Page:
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Think before you flick

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A spot has been cleared near the Expo in Central Point where people can set off their own fireworks in a safe and supervised environment prior to the upcoming BoomFest celebration, but state officials are reminding fireworks lovers there and elsewhere to make sure the fuse they’re lighting is legal before flicking the lighter.

Legal fireworks in Oregon are devices that can be purchased at area fireworks tents. They include novelty devices, wheels, sparklers, fountains, spinners and smoke devices, according to Mark Johnston, assistant chief deputy with the Oregon State Fire Marshal.

Illegal devices are any fireworks that fly into the air, explode or behave in an unpredictable manner, including bottle rockets, Roman candles and M-80s.

Lighting illegal fireworks is classified as a class B misdemeanor, with a fine of $2,500 under state law.

“Those fireworks are ones that a lot of people do go and get out of state, bring them back into the state and use them illegally,” Johnston said Wednesday at a fireworks demonstration held at Jackson County Fire District 3’s White City headquarters. “Those fireworks can be used if you just simply obtain a permit from our office.”

Those who wish to obtain a fireworks permit have to pay a $100 fee. There may be local permitting costs as well, and applicants must show they have mitigated the risks.

“(Officials) look at the fallout area, the type of fireworks, where people are going to be watching those from,” Johnston said. “So those can be addressed.”

Between 2014 and 2018, fireworks started 264 fires in Oregon, resulting in $3.5 million in damage, 27 injuries and one death, the Oregon State Fire Marshal’s office reported.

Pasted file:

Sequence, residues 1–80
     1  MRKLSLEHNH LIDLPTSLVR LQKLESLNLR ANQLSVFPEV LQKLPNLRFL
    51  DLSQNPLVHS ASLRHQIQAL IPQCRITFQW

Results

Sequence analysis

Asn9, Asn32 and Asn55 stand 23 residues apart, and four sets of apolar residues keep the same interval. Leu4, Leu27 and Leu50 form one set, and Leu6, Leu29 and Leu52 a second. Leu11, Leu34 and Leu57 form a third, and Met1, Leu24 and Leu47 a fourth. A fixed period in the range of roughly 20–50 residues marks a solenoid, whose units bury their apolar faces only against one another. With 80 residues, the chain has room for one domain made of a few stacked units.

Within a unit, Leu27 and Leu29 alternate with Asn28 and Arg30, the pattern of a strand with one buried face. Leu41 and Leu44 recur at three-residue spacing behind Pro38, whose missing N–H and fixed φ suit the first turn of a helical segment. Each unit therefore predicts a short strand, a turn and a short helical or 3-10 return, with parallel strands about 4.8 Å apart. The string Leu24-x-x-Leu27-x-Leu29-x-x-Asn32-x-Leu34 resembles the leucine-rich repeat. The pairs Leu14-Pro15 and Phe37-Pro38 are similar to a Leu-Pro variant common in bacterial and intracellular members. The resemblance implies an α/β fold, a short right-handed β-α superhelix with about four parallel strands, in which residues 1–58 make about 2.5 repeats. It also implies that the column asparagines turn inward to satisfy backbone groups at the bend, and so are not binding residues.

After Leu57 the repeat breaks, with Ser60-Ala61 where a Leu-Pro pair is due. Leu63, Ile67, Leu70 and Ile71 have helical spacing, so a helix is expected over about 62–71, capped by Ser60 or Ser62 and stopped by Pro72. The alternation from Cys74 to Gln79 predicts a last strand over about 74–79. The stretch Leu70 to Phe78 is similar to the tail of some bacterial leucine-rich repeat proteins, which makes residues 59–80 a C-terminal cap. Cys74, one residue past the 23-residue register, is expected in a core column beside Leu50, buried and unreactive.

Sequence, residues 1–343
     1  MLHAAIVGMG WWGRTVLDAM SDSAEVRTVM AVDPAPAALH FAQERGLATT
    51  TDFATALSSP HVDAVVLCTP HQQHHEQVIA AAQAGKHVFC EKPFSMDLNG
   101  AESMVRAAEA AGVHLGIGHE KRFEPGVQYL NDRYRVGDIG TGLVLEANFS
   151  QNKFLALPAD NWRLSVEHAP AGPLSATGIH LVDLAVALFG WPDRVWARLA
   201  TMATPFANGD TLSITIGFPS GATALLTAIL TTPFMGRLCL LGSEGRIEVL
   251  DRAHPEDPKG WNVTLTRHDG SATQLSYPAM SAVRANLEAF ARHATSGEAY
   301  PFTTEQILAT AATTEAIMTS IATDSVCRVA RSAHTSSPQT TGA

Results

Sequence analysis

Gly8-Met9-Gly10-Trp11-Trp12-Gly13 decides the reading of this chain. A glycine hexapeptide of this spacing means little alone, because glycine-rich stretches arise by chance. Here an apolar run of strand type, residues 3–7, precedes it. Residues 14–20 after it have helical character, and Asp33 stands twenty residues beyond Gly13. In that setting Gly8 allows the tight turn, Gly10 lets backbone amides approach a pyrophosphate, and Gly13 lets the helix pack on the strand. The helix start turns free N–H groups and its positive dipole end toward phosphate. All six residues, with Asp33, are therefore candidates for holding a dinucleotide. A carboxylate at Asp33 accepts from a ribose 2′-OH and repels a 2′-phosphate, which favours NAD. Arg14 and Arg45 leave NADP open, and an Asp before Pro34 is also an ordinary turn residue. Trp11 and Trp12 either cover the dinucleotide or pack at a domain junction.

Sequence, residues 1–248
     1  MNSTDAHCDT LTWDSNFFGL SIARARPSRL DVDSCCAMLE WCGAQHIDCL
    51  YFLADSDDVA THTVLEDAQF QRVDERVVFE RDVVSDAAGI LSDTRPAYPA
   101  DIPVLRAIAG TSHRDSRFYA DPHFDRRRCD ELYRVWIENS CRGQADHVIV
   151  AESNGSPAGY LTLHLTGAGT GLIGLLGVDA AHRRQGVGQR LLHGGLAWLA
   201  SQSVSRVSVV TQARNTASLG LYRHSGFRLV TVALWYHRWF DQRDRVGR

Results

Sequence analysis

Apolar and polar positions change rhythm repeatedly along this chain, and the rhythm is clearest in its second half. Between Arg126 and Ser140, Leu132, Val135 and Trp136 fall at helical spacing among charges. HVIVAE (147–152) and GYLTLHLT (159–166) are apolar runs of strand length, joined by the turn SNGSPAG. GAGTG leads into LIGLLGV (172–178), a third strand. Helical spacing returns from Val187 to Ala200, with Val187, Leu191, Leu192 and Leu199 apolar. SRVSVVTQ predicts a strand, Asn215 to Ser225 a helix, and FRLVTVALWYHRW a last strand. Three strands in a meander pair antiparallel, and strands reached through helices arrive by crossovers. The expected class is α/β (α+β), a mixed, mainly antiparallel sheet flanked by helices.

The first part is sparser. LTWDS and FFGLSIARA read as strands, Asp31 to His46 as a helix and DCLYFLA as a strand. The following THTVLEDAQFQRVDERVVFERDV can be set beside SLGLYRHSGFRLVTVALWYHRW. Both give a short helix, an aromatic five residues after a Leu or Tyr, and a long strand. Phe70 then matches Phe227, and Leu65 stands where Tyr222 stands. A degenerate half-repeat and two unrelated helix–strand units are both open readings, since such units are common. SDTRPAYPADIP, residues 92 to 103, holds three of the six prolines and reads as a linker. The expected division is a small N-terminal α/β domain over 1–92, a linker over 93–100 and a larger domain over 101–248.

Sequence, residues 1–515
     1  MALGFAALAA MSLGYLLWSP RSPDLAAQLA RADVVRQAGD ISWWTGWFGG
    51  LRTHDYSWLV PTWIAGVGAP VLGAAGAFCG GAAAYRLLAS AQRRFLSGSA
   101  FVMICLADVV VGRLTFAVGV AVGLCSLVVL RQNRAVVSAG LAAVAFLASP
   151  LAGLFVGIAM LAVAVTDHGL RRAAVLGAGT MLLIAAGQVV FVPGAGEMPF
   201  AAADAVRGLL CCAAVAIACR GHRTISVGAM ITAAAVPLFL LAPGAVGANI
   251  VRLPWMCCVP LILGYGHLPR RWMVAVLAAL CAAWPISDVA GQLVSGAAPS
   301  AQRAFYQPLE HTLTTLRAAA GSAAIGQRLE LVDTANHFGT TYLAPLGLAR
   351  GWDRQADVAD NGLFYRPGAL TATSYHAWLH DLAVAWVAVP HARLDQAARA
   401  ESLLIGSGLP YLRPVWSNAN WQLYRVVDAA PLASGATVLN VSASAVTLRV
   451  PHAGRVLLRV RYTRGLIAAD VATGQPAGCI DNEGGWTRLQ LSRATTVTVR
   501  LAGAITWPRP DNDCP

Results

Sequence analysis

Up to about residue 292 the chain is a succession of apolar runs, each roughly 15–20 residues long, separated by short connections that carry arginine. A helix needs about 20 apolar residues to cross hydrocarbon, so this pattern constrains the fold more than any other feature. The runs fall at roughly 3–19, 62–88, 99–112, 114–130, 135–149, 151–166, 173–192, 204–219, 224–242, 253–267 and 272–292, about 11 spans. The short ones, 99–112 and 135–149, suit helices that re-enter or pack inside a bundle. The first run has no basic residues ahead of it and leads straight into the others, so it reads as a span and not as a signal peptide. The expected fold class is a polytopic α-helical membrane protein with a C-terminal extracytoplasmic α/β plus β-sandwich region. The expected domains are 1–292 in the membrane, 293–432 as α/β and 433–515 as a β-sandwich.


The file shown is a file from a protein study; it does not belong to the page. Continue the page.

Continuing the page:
And in a region that’s been hit hard by wildfires the last several summers, it pays even more to play it safe.

“We’re really trying to support using fireworks safely, especially after we’ve had such a devastating last two wildfire seasons here in southwest Oregon,” said Fire District 3 public information officer Ashley Blakely.

Fireworks should be stored out of the reach of children, and an adult should always light the fuses, fire officials advised. Used devices should be soaked thoroughly in a bucket of water before disposal. Don’t try to relight dud fireworks, they warned. Wait 15 to 20 minutes after the first lighting attempt, then soak them.

Reach reporter Ryan Pfeil at rpfeil@rosebudmedia.com or 541-776-4468.

Mark Northrop, deputy fire marshal with Jackson County Fire District No. 3, talks about firework handling precautions at the department’s headquarters. Mail Tribune / Jamie Lusch
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